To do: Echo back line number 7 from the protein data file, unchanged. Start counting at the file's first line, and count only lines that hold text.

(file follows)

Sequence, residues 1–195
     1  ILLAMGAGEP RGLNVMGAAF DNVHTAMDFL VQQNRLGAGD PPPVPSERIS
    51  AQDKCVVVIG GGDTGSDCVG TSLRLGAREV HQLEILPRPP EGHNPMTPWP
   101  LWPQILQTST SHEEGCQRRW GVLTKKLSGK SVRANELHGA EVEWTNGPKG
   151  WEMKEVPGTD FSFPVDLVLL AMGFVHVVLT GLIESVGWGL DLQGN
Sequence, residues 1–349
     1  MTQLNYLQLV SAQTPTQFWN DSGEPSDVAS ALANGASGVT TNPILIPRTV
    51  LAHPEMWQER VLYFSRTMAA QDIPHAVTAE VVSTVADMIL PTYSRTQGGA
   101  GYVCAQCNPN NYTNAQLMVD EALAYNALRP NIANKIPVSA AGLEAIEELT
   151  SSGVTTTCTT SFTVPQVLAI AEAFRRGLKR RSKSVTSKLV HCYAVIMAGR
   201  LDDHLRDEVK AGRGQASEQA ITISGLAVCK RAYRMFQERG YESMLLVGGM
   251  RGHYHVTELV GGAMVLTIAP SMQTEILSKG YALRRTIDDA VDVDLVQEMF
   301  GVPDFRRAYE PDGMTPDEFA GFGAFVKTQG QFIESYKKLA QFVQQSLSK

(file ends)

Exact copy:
     1  MTQLNYLQLV SAQTPTQFWN DSGEPSDVAS ALANGASGVT TNPILIPRTV